Two items to draw your attention to this week:
firstly, you will doubtless have been following the world-wide protests against racism that have followed the death of George Floyd in Minneapolis. At our Consistory meeting on Monday evening we had a short discussion about how our church might respond: what is our calling in this situation? This is not made easy in our current condition of lockdown, but it was suggested that members of the congregation might like to contribute a prayer or a thought or a poem to our Facebook site. Please do if you feel so led, and one of our elders will be posting something this weekend. I will be addressing the issue in our service on Sunday, but meanwhile I thought I would include something written by a young woman associated with our congregation with a particular interest in this issue. She writes,
‘There are two distinct ways racism is expressed in today’s world.
Firstly, there’s overt or explicit racism. This is the racism that is unapologetic, visible and immediate. Hate crimes. Police brutality. Lynchings. Racial slurs. Most people will agree that they do not support this in any form – anyone who does is ‘a racist’. On the other hand, we have inferential or implicit racism (sometimes referred to as covert or aversive racism, in case you wanna type that into google). This kind of racism largely remains invisible, often happens unconsciously, and is not always noticed. It includes unconscious biases towards racial groups and exists on an individual level.
Pointing fingers or shaming other people when they say something “wrong” is not the way to go. Inferential racism can only be challenged by discussing it, even if those conversations are long, hard and painful. If we talk (and listen) about racial bias and prejudice, we make it visible. By making the implicit explicit, we can address the issues and deconstruct them for the better.
Remember: the situation in the US is immediate and deserves global attention. Keep showing solidarity to the #BLM movement, keep donating and/or protesting if you are able to do so. But please, please, educate yourself too. Be conscious of your own environment. Reflect on your own attitudes. Don’t just point fingers at the USA and call it a day. We need strong allies, allies who are equipped to actively challenge the racism, whether it be overt or inferential. Acknowledge your own responsibility to understand. 🖤’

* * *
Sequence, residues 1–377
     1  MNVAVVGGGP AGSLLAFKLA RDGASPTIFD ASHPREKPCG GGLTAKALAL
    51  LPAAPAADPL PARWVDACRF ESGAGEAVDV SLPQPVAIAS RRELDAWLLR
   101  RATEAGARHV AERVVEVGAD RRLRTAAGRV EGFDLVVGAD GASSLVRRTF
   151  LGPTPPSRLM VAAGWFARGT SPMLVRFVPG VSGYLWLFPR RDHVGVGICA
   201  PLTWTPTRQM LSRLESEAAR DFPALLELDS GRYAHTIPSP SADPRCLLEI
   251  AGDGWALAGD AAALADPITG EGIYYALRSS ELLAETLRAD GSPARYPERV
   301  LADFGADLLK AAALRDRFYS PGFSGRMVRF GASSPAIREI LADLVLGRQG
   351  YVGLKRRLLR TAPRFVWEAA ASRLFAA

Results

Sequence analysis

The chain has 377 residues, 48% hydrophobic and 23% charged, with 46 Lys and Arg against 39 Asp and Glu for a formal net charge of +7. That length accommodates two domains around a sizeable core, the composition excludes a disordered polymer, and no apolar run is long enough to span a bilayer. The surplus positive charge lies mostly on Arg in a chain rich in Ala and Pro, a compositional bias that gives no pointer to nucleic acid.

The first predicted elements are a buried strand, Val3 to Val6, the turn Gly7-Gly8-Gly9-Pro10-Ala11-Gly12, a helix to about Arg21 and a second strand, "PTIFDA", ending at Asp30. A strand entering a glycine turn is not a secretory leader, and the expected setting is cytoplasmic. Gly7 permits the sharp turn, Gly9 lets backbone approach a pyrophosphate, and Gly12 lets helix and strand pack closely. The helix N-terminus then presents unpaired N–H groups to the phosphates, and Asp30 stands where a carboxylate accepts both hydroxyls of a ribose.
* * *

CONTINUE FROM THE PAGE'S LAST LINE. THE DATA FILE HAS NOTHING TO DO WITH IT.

We Also received this week notification by an organisation called Open Doors of a night of prayer om June 12th for Christians around the world who are being persecuted for their faith. It is likely too late for us to join in the night of prayer, but you might like to remember this topic in your prayers in the coming week.
Below is the programme of events THIS WEEK:
For anyone who wishes to consider the text for this Sunday in advance it is Genesis 6:9-22; 7:24; 8:14-9:1, the story of Noah and the flood.
Short evening prayers, Compline: Join us on
Monday, 14.00-16.00: Knitting Christmas angels. Contact Gillian Walker at email@example.com
Psalm Reciting (This week – Psalms 1-9).This week we will meet at the church again, though you are welcome, of course, to recite these psalms anywhere and any time.
Bible Study: looking at the Letter to the Galatians, chapters 1-2. Join us on ZOOM
Short evening prayers, Compline: You can join us on ZOOM
In a time like this there may be people who feel especially in need of prayer either for themselves or for someone else. There is a small group of people in the congregation who take it in turns on Sundays to be available after the service to pray for anyone in need – so, if you would like prayer or have a a particular prayer request please contact Margaret Richards on firstname.lastname@example.org and she and the others will pray accordingly.
A word about finance….
Please note that in this period when we are not meeting together there is a way of giving to the church on this website. Please use the PayPal donation button on the right.
God bless you all and keep us united as a church family – and safe and well.
Rev. Dr. Lance Stone